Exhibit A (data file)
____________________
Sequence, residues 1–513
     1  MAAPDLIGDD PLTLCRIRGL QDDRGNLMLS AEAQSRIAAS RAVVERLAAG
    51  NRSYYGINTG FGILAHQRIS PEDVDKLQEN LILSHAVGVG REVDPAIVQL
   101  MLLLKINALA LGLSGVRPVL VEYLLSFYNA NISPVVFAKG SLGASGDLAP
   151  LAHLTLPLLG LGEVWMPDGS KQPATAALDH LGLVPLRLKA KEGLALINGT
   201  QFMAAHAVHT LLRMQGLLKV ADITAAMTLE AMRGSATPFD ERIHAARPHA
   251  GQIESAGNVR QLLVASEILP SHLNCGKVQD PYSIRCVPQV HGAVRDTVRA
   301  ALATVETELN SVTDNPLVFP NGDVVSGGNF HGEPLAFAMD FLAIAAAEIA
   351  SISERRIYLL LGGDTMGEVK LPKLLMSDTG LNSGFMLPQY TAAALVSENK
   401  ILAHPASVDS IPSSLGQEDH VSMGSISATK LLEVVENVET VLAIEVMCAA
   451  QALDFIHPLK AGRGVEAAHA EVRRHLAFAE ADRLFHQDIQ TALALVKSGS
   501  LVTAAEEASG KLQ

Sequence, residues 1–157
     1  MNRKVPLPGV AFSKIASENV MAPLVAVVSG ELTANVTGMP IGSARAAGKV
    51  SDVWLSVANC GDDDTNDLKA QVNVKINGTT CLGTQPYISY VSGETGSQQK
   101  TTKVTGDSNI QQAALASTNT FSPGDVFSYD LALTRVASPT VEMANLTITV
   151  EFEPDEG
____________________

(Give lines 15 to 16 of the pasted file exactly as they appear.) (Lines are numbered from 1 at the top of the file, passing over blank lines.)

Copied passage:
    51  SDVWLSVANC GDDDTNDLKA QVNVKINGTT CLGTQPYISY VSGETGSQQK
   101  TTKVTGDSNI QQAALASTNT FSPGDVFSYD LALTRVASPT VEMANLTITV